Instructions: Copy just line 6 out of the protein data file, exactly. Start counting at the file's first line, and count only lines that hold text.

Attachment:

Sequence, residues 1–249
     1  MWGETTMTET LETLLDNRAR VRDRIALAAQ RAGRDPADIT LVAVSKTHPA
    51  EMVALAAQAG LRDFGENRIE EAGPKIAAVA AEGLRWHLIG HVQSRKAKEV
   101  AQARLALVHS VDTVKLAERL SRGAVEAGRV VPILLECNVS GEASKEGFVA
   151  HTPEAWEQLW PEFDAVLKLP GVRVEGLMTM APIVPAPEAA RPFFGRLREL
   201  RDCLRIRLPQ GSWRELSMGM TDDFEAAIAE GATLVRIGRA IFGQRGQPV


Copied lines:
   201  RDCLRIRLPQ GSWRELSMGM TDDFEAAIAE GATLVRIGRA IFGQRGQPV